Watson may not know it all, but it sure taught IBM a few things

IBM’s Watson natural language query/cognitive computing prodigy was a huge PR coup for Big Blue. Three years ago, Watson defeated Jeopardy champ Ken Jennings on national TV and beat other challengers like a drum on a subsequent victory tour. (Ask Gigaom’s own Stacey Higginbotham about that sometime.) IBM rode that wave for years to show that despite its woes, it can still do really hard stuff. IBM wants Watson to be a $10 billion business by 2023.

But, unfortunately for [company]IBM[/company], there is “not a lot of commercial application to playing Jeopardy,” Mike Rhodin, [company]IBM[/company] SVP for Watson, acknowledged at Emtech 2014 at MIT on Tuesday.

Mike Rhodin, SVP IBM Watson.
Mike Rhodin, SVP, IBM Watson

IBM invested untold millions in Watson, so it’s now time for Watson to, in the tortured words of another Emtech presenter, become “a market-based solution.” It needs to earn its keep. IBM has been moving down that road, making Watson more accessible to outside developers via APIs and launching a new Watson division early this year. And it’s pushing Watson into healthcare and financial services applications. Last week it started offering Watson analytics as a freemium cloud-based service.

But at the most basic level, here’s what Watson — or rather, the Watson experience — has taught IBM, based on Rhodin’s Emtech talk.

  • While the “deep Q&A problem” is real and very hard — the goal is for a computer to be able to answer any question — that is only one piece of the puzzle.
  • Watson is more likely to answer correctly if it knows about the question, not just the question itself. As in life generally, context is key and that context needs to carry over from conversation to conversation. USAA’s work with Watson helped on this, Rhodin said. For military veterans asking questions about benefits, etc., Watson really needs to know where the questioner lives and what her medical history is — which, of course, raises privacy issues.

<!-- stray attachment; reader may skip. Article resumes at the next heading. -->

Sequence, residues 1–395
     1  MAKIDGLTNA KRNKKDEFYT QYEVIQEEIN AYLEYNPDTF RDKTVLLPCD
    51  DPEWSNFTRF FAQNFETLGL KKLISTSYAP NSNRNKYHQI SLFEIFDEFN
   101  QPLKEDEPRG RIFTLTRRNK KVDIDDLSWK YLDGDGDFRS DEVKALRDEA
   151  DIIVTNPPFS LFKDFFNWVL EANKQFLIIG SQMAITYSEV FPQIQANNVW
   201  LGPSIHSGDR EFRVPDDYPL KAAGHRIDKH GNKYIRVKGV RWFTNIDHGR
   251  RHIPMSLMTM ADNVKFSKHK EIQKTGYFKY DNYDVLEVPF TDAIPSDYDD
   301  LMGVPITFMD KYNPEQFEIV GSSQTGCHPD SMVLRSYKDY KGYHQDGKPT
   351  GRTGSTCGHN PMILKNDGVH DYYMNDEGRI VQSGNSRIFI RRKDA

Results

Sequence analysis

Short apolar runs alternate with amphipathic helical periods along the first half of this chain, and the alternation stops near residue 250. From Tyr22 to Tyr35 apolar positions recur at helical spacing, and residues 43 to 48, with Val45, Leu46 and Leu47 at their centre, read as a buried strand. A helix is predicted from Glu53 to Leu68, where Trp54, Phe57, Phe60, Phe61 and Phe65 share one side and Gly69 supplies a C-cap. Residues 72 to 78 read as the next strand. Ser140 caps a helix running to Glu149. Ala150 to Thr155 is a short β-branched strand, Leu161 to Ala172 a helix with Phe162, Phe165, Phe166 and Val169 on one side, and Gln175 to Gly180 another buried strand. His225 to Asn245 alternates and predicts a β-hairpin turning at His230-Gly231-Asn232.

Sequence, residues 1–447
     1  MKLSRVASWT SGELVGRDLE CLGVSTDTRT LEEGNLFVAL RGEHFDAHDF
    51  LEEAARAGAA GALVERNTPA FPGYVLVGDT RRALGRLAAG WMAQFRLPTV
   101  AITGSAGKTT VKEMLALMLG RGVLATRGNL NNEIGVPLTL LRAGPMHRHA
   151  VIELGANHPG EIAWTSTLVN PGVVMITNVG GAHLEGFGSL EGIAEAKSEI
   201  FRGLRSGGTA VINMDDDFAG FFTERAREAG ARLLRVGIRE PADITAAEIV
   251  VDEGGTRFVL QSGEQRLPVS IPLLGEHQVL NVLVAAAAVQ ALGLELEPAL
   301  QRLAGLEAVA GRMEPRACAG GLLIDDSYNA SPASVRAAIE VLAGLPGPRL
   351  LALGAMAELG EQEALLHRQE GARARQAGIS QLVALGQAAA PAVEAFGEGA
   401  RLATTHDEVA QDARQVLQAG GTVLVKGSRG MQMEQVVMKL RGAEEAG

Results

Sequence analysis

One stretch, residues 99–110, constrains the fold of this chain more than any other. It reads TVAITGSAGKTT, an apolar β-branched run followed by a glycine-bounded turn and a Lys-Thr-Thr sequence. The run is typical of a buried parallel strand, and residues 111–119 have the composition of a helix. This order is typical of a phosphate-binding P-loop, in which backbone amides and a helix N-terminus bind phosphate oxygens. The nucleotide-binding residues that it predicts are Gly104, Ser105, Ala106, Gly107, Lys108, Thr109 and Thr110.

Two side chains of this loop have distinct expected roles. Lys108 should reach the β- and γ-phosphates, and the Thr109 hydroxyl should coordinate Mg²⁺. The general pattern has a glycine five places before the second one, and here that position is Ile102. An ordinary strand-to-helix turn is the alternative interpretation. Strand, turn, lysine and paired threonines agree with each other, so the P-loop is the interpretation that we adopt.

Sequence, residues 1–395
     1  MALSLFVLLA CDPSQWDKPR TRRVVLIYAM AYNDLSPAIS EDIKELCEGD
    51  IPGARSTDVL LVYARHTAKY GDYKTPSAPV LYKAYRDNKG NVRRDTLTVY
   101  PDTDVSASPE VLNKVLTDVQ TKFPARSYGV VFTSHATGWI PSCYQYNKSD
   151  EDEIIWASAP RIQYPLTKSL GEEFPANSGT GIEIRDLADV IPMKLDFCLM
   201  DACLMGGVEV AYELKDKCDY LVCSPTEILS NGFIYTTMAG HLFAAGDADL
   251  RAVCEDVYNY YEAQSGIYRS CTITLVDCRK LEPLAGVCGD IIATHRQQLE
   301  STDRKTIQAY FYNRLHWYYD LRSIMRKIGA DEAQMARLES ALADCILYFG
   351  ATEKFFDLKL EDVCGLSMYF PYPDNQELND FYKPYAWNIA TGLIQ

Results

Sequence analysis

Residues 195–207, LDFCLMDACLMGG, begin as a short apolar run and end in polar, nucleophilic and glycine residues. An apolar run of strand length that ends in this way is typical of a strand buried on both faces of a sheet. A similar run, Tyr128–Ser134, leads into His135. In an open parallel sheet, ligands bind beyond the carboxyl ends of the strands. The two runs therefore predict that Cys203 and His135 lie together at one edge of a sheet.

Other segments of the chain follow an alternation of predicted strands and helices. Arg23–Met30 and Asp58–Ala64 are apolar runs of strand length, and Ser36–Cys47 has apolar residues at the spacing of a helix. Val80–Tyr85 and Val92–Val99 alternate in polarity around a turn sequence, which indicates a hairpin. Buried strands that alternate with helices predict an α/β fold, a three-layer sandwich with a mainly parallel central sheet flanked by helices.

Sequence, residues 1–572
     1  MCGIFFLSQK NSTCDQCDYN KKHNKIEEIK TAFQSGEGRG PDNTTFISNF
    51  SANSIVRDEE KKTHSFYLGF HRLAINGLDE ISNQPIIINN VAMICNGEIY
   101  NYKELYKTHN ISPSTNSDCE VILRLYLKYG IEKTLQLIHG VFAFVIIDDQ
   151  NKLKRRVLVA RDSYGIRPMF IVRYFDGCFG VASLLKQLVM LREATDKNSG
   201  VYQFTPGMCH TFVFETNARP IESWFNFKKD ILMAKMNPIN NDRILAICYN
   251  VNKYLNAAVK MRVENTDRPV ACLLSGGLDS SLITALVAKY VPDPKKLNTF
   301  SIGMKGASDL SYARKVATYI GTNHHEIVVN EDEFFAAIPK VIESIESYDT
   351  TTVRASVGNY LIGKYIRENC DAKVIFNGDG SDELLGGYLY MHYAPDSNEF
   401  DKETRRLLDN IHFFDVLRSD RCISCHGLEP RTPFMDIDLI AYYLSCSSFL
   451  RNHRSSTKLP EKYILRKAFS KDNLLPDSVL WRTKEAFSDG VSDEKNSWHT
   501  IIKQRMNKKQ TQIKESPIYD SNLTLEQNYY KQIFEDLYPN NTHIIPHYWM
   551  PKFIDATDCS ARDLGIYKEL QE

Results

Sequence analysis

• Watson needs to know when not to answer the question — when it does not have enough information to answer at all.
  • Training never ends. The fact that Watson needs to be trained is one gating factor to broader adoption. This is no turn-key solution, as early “bleeding edge customers” have learned, Rhodin said.
  • A question is fine, but a conversation is often better. Watson needs to engage in a give-and-take with the questioner to get to what is really being asked. IBM bought Cognea to help with that.
  • Parsing the question: “We’re not always posed questions. Sometimes people hand us problems which have to be broken into questions,” Rhodin said. IBM’s work with the Cleveland Clinic has led to the creation of a “reasoning engine” that will help with that.

Watson is a work in progress. Rhodin says all this work around cognitive computing, including natural language processing, is reminiscent of what happened in the world of computer operating systems way back in the 1960s.

Jeopardy was a great start, so we have a Q&A engine, but we also are building a summarization system and a reasoning engine that are all part of a broader platform,” Rhodin said.

Fifty years ago, generally programmable systems became popular, but they were augmented over time with new subsystems — things like file systems and database systems, which were “added layer by layer to fill out the platform that eventually automated the world’s financial systems [and] travel industry,” Rhodin said. “We are seeing the beginnings of that system that will emerge in the next 50 years.”

I have no quibble with that. But with other companies — [company]Google[/company], [company]Apple[/company], [company]Microsoft[/company] and many we probably don’t know about yet — also attacking these big problems, it’s not a forgone conclusion that IBM will be the leader.

It knows what it has to do — build or attract applications that take advantage of Watson’s evolving power. Now it has to execute. To quote Gigaom’s Derrick Harris writing about IBM’s decision a year ago to open up Watson APIs to programmers:

If IBM actually delivers a workable cloud platform around Watson and developers actually take advantage of it to build new, smart applications, it will be a big fricking deal.